Leadership changes are starting to ripple through Bank of America’s investment bank as disagreements over risk-taking and a struggle to keep pace with competitors spur high-level departures.

Bloomberg News reports that, on Wednesday, Christian Meissner said he’s stepping down as head of the corporate and investment-banking division he led through the tumultuous years after the financial crisis.

The departure was prompted by tensions over the bank’s appetite for risk and its struggle to retain market share advising on U.S. mergers, according to people with direct knowledge of the matter. More executives may follow Meissner’s lead, they said.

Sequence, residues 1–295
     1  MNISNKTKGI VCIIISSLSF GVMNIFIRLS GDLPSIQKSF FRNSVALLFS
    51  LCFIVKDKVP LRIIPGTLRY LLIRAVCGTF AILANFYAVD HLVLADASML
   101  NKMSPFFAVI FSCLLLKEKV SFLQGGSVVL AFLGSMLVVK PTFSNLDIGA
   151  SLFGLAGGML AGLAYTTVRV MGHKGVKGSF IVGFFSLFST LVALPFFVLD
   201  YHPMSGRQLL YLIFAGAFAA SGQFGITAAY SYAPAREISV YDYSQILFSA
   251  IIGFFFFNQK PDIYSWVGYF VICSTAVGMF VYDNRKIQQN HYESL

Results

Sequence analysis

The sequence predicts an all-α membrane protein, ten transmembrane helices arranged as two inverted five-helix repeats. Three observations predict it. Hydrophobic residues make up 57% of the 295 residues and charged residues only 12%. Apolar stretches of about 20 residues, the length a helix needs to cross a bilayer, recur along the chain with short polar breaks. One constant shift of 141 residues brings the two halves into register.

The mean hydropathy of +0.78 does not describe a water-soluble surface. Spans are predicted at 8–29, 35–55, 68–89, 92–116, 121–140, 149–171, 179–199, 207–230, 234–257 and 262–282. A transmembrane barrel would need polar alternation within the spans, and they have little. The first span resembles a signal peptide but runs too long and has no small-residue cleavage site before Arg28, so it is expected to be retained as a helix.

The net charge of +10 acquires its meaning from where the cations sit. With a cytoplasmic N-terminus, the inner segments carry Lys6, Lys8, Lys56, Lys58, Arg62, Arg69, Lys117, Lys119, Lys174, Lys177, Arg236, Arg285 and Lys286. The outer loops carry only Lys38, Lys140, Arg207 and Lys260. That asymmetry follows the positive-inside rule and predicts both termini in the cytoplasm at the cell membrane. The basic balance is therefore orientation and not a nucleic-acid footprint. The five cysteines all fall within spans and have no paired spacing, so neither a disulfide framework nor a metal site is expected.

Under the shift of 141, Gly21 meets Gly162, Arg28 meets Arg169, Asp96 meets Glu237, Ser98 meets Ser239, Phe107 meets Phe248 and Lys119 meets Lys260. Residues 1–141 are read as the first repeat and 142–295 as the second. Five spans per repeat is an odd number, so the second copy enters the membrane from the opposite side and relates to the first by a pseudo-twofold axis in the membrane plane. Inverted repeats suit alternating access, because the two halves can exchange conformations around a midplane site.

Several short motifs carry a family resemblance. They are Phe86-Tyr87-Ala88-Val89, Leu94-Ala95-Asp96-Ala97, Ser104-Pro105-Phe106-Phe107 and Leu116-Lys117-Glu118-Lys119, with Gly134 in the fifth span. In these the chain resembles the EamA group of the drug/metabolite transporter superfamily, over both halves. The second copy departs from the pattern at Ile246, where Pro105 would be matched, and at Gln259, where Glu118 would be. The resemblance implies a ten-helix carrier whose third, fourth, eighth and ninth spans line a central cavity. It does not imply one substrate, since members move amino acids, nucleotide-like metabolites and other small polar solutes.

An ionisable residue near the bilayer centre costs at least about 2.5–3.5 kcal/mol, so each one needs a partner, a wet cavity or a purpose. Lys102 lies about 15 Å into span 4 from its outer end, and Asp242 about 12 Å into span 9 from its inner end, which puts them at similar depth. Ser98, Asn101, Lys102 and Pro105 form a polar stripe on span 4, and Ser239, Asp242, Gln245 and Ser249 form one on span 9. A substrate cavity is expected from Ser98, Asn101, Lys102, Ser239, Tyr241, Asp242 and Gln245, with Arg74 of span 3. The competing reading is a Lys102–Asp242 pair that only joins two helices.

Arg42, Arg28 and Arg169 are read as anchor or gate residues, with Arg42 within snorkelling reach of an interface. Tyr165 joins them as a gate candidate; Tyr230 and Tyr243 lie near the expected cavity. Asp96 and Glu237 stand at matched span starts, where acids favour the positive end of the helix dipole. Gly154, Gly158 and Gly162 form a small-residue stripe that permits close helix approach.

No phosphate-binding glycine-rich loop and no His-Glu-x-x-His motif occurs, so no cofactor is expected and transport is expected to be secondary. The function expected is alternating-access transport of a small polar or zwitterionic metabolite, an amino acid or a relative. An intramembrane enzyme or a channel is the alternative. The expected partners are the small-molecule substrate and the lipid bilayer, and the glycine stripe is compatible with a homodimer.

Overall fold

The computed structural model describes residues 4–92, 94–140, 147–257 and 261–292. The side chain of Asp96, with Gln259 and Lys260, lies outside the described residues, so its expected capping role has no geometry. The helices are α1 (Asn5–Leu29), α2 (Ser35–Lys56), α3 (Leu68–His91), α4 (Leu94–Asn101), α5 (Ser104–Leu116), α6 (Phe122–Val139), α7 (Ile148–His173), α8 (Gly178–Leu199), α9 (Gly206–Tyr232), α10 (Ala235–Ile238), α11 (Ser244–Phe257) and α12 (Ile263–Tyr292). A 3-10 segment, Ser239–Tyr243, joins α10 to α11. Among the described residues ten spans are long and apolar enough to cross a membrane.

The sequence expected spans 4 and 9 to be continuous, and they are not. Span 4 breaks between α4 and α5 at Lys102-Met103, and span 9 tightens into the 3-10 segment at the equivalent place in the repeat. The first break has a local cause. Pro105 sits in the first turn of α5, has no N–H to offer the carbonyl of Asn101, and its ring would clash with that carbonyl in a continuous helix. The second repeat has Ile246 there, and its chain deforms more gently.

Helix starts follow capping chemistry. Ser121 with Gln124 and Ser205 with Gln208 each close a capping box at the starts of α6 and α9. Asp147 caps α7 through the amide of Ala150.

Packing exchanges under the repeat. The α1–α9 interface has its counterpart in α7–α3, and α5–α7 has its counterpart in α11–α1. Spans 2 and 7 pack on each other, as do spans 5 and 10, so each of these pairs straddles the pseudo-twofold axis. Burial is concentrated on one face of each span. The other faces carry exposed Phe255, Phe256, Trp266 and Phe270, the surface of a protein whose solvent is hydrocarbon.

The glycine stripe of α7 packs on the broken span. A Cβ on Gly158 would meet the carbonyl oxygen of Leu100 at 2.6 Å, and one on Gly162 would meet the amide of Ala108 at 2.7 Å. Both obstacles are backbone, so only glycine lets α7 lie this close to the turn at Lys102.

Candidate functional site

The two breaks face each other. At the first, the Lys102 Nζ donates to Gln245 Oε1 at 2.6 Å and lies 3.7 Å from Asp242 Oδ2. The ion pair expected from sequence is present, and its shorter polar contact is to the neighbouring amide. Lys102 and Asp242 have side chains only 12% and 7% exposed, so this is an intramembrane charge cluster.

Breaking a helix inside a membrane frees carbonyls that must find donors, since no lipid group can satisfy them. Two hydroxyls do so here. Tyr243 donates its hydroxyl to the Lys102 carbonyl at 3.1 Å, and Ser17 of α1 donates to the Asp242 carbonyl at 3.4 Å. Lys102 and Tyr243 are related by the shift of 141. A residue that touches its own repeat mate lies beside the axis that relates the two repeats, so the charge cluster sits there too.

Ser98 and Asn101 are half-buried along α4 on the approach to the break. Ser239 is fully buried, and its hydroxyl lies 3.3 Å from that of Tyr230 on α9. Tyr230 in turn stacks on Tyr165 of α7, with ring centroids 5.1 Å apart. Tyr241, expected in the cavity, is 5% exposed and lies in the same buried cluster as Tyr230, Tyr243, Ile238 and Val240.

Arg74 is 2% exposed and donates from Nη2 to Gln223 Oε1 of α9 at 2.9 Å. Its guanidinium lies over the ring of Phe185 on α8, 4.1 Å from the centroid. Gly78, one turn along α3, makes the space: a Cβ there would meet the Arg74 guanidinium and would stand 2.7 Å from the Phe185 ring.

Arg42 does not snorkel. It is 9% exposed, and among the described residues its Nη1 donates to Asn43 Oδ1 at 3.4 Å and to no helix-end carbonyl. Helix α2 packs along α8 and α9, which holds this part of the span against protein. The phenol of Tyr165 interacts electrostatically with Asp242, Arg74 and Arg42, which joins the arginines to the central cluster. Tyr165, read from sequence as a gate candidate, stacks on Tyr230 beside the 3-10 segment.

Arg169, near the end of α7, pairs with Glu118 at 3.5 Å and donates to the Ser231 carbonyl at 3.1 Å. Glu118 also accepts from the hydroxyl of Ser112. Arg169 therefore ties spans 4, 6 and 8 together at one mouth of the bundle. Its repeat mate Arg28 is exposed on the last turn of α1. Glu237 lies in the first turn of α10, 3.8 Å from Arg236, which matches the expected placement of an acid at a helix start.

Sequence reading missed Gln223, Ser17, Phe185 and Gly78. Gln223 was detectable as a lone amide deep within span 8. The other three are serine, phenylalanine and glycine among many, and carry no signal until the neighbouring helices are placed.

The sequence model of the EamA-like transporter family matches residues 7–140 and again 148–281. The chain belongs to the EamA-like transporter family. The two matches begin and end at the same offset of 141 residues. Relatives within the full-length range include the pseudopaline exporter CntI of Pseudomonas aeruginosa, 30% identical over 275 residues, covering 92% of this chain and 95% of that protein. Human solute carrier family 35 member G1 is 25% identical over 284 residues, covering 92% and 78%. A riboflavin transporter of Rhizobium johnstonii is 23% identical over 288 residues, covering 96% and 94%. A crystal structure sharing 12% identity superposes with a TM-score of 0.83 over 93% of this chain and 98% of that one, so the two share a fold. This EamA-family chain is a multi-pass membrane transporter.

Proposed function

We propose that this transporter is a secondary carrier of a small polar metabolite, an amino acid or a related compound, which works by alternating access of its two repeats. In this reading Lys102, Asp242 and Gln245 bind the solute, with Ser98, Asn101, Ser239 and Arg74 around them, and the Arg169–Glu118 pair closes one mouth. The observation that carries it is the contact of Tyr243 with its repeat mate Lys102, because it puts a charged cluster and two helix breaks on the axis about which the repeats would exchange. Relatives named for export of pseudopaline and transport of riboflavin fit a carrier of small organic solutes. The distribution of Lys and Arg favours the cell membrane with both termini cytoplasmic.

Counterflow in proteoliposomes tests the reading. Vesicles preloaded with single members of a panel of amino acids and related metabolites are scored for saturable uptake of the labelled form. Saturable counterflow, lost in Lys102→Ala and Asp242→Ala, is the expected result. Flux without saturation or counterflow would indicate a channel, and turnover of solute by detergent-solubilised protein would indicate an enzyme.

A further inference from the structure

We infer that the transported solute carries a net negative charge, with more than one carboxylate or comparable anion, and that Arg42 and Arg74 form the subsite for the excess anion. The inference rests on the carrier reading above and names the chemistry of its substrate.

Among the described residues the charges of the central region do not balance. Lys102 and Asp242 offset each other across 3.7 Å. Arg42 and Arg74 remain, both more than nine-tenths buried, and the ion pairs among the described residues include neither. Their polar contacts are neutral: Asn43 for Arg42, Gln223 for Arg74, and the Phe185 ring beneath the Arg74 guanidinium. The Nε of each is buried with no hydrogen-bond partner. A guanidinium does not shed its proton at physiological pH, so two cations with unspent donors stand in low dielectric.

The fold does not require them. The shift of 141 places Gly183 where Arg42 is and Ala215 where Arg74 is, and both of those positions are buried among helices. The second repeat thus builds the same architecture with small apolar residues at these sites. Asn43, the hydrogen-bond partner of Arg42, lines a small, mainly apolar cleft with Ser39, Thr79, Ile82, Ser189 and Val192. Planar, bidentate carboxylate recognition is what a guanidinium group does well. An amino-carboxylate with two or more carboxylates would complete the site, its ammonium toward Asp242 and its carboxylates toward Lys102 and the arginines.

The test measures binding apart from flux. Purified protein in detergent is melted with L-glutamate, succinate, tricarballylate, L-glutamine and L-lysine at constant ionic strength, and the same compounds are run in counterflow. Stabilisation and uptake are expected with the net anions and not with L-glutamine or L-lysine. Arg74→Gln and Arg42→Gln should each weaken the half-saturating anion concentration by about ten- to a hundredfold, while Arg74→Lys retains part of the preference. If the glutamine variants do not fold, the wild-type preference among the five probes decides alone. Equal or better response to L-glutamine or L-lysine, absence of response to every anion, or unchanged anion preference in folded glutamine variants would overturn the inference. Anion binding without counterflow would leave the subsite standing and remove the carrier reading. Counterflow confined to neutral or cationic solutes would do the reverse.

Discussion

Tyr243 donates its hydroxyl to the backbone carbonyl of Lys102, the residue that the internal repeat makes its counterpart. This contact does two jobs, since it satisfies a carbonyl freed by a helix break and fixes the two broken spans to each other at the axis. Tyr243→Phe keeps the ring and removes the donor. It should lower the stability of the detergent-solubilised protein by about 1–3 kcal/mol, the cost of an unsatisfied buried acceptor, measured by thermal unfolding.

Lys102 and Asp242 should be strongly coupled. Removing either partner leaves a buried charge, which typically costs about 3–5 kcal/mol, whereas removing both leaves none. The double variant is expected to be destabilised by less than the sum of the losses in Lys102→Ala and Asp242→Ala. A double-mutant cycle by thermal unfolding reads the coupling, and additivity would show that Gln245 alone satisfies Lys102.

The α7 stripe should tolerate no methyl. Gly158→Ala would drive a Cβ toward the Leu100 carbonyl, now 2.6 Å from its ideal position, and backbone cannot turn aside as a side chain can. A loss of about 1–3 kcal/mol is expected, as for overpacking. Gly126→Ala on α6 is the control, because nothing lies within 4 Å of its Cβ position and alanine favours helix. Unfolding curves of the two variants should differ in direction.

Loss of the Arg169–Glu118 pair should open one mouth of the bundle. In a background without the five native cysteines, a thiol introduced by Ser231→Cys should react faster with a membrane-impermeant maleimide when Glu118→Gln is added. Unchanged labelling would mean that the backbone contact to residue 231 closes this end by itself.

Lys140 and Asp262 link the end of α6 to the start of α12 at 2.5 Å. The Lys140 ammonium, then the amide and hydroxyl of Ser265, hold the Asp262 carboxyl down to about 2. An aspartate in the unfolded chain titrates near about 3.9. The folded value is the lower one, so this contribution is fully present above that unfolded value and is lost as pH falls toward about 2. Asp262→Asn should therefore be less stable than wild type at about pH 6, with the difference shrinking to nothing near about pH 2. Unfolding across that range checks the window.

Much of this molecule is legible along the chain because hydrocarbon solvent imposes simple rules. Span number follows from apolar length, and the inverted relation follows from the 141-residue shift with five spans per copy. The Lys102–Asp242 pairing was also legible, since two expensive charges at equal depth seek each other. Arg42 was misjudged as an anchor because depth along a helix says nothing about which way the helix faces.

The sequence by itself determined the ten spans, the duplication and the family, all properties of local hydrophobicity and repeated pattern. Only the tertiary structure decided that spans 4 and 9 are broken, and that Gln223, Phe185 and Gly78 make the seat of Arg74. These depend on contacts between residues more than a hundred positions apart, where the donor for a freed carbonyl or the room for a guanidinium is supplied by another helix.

“That is not what the investment bankers signed on to be; they wanted to be ‘masters of the universe’ and make big bucks,” said Roy Smith, emeritus professor of management practice at New York University’s Stern School of Business. “They didn’t sign on to be low-risk public utilities.”

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As BofA Gets Gun-Shy on Risk, Some Executives Head for the Door

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